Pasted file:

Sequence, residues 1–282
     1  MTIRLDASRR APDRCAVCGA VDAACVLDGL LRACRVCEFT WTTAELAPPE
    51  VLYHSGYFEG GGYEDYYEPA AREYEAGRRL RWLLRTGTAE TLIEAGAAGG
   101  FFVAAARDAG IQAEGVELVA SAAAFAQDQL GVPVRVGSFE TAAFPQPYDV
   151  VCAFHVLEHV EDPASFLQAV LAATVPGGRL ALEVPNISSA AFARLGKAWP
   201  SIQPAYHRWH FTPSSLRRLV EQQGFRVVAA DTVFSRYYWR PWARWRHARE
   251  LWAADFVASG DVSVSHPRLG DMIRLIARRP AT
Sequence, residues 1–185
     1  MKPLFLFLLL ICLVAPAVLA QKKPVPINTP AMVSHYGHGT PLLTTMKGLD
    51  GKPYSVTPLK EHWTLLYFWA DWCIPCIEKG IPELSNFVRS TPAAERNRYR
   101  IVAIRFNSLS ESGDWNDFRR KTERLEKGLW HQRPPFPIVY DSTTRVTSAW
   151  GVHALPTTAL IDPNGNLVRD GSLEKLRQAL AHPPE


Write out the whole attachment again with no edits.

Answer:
Sequence, residues 1–282
     1  MTIRLDASRR APDRCAVCGA VDAACVLDGL LRACRVCEFT WTTAELAPPE
    51  VLYHSGYFEG GGYEDYYEPA AREYEAGRRL RWLLRTGTAE TLIEAGAAGG
   101  FFVAAARDAG IQAEGVELVA SAAAFAQDQL GVPVRVGSFE TAAFPQPYDV
   151  VCAFHVLEHV EDPASFLQAV LAATVPGGRL ALEVPNISSA AFARLGKAWP
   201  SIQPAYHRWH FTPSSLRRLV EQQGFRVVAA DTVFSRYYWR PWARWRHARE
   251  LWAADFVASG DVSVSHPRLG DMIRLIARRP AT
Sequence, residues 1–185
     1  MKPLFLFLLL ICLVAPAVLA QKKPVPINTP AMVSHYGHGT PLLTTMKGLD
    51  GKPYSVTPLK EHWTLLYFWA DWCIPCIEKG IPELSNFVRS TPAAERNRYR
   101  IVAIRFNSLS ESGDWNDFRR KTERLEKGLW HQRPPFPIVY DSTTRVTSAW
   151  GVHALPTTAL IDPNGNLVRD GSLEKLRQAL AHPPE